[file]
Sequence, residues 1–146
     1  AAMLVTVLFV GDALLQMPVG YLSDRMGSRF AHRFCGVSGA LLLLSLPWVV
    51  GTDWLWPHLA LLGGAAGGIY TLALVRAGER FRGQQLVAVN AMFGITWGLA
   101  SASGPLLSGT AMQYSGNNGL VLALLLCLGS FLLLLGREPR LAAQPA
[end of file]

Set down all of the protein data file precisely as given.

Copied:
Sequence, residues 1–146
     1  AAMLVTVLFV GDALLQMPVG YLSDRMGSRF AHRFCGVSGA LLLLSLPWVV
    51  GTDWLWPHLA LLGGAAGGIY TLALVRAGER FRGQQLVAVN AMFGITWGLA
   101  SASGPLLSGT AMQYSGNNGL VLALLLCLGS FLLLLGREPR LAAQPA